Ahead of All Beaten Tracks.Emma Williams - 2016 - In The Ways We Think. Chichester, UK: Wiley. pp. 58–88.
    This chapter explores the similarities that exist between two accounts of thinking presented by philosophers who are usually held to belong to differing, even conflicting, philosophical traditions. These are the accounts of Gilbert Ryle and Martin Heidegger. By situating Ryle in relation to Heidegger, the chapter seeks to show that there is an alternative reading of Ryle and one that problematises any straightforward understanding of him as a partisan of the rationalistic account. Ryle's first criticism takes issue with the way (...)
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  20.  3
    Following the Sign.Emma Williams - 2016 - In The Ways We Think. Chichester, UK: Wiley. pp. 127–157.
    This chapter considers a thinker Jacques Derrida, who in some ways inherits the Heideggerian legacy and yet also problematises and puts it to work in new ways. Like Heidegger, the insights raised by Derrida's philosophy in respect to the nature of human thinking come by way of his exploration of the relation between thought and language. Derrida in many ways comes close to one of the key accounts of language afforded by Ordinary Language philosophy, namely that of John Austin. The (...)
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  21.  6
    Out of the Ordinary.Emma Williams - 2016 - In The Ways We Think. Chichester, UK: Wiley. pp. 158–188.
    This chapter considers certain key features of Austin's philosophy. It discusses the under recognised affinities that exist between the work of Derrida and Austin, particularly concerning their philosophical methods and their respective attempts to work against the traditional, representation list account of language. The chapter exemplifies the manner in which Derrida nevertheless presents himself as going beyond Austin's philosophy in certain crucial ways, by attending to the criticisms he levels at Austin in his paper ‘Signature Event Context’. It describes Derrida's (...)
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  22.  78
    Pursuing Meaning.Emma Borg - 2012 - Oxford, GB: Oxford University Press.
    Emma Borg examines the relation between semantics and pragmatics, and assesses recent answers to fundamental questions of how and where to draw the divide between the two. She argues for a minimal account of the interrelation between them--a 'minimal semantics'--which holds that only rule-governed appeals to context can influence semantic content.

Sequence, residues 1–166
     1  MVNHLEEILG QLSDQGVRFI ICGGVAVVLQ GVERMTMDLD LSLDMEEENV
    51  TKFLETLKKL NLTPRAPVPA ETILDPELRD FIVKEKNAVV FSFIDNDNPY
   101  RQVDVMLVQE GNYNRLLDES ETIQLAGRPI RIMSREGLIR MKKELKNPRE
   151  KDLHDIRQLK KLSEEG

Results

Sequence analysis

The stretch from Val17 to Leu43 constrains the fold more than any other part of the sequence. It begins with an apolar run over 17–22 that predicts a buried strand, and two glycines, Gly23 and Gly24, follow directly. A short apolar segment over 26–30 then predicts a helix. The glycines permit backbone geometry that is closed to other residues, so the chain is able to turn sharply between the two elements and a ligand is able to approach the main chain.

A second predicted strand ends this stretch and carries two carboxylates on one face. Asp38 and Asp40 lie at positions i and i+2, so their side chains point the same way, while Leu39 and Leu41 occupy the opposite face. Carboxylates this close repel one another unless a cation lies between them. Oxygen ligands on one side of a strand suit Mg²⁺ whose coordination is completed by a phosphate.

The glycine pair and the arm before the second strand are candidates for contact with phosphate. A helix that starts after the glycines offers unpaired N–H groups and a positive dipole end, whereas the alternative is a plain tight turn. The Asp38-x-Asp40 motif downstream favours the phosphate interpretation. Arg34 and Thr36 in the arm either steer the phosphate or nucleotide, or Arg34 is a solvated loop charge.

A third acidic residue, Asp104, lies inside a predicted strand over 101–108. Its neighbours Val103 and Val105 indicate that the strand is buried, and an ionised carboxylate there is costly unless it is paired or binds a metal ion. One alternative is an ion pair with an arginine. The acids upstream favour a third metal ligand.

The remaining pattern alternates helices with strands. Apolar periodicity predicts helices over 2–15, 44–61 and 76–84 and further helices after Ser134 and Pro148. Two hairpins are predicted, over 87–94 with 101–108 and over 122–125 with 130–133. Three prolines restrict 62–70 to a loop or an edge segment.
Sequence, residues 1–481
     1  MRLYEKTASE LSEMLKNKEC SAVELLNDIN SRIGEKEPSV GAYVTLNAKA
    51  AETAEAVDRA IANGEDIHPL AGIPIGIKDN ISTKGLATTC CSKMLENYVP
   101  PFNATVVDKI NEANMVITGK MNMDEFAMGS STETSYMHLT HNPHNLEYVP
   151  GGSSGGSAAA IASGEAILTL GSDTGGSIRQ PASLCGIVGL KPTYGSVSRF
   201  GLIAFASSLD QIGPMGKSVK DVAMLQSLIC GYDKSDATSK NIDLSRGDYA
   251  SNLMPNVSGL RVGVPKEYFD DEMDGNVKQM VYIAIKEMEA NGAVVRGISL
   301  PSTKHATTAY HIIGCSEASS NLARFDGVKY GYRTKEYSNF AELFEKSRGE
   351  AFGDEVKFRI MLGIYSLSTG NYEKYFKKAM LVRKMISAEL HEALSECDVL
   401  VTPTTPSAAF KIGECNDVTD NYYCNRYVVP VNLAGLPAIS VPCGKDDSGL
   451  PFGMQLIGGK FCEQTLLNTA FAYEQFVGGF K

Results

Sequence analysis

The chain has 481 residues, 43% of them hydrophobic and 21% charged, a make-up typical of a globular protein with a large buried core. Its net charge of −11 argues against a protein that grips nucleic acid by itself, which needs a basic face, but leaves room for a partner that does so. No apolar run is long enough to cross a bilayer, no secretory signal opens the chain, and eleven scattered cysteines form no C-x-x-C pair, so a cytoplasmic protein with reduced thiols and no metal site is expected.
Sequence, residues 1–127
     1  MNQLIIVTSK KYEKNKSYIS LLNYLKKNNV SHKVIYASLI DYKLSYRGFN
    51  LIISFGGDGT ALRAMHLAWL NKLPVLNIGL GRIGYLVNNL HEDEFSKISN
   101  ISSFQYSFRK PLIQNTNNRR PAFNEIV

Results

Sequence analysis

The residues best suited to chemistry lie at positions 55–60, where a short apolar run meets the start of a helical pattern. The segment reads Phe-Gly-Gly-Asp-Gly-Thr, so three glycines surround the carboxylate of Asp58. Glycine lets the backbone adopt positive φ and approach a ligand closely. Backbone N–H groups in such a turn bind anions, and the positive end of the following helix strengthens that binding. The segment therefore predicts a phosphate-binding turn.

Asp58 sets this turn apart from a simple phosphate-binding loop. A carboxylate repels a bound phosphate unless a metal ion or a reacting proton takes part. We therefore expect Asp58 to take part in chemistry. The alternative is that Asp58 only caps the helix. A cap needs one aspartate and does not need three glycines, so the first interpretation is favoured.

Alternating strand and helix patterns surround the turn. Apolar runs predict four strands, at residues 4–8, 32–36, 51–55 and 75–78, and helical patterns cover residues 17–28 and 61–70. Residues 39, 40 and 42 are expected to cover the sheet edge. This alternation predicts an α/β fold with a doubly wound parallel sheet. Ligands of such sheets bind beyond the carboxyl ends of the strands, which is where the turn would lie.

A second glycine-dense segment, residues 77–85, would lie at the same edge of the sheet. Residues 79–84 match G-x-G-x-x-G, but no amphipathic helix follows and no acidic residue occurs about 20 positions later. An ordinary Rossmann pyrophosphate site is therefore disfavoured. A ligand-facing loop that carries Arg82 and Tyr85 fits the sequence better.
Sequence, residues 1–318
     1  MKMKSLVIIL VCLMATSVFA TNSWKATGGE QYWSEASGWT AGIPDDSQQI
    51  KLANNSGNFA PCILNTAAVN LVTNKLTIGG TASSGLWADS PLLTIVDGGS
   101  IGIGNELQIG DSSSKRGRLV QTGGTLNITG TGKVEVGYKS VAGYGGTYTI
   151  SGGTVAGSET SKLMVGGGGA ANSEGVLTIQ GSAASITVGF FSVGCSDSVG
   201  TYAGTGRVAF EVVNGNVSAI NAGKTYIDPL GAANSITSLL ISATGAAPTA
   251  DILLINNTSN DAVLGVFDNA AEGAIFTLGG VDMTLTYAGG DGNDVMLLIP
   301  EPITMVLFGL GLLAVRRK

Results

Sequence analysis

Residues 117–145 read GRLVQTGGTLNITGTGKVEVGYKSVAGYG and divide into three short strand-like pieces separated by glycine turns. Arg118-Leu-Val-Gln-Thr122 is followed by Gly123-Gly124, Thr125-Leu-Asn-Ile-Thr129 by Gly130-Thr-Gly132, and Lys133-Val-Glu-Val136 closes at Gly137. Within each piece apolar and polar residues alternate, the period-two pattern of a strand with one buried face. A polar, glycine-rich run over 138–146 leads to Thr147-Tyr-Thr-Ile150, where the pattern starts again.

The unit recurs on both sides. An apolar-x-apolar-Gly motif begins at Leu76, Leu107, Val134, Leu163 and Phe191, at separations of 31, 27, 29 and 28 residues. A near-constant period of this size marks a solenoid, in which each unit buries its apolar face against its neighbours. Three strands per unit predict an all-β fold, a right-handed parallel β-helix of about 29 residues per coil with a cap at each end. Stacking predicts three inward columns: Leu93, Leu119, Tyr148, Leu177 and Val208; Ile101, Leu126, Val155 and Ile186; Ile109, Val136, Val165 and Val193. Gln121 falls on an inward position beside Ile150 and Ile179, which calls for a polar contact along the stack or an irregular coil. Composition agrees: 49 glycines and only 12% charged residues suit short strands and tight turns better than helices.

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  23. Robots and cyborgs: to be or to have a body?Emma Palese - 2012 - Poiesis and Praxis 8 (4):191-196.
    Starting with service robotics and industrial robotics, this paper aims to suggest philosophical reflections about the relationship between body and machine, between man and technology in our contemporary world. From the massive use of the cell phone to the robots which apparently “feel” and show emotions like humans do. From the wearable exoskeleton to the prototype reproducing the artificial sense of touch, technological progress explodes to the extent of embodying itself in our nakedness. Robotics, indeed, is inspired by biology in (...)
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  24. Making the Law DVD.Emma Young - 2009 - Ethos: Social Education Victoria 17 (2):41.
     
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  25. Objectual understanding, factivity and belief.J. Adam Carter & Emma C. Gordon - 2016 - In Martin Grajner & Pedro Schmechtig (eds.), Epistemic Reasons, Norms and Goals. Boston: De Gruyter. pp. 423-442.
    Should we regard Jennifer Lackey’s ‘Creationist Teacher’ as understanding evolution, even though she does not, given her religious convictions, believe its central claims? We think this question raises a range of important and unexplored questions about the relationship between understanding, factivity and belief. Our aim will be to diagnose this case in a principled way, and in doing so, to make some progress toward appreciating what objectual understanding—i.e., understanding a subject matter or body of information—demands of us. Here is the (...)
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  26.  24
    Academic integrity and contract cheating policy analysis of colleges in Ontario, Canada.Emma J. Thacker, Jennifer Miron, Sarah Elaine Eaton & Brenda M. Stoesz - 2019 - International Journal for Educational Integrity 15 (1).
    In this study, we analyzed the academic integrity policies of colleges in Ontario, Canada, casting a specific lens on contract cheating. We extracted data from 28 individual documents from 22-publicly-funded colleges including policies and procedures (n = 27) and code of conduct (n = 1). We analyzed the characteristics of the documents from three perspectives: (a) document type and titles; (b) policy language; and (c) policy principles. Then we examined five core elements of the documentation including (a) access; (b) approach; (...)
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  27.  25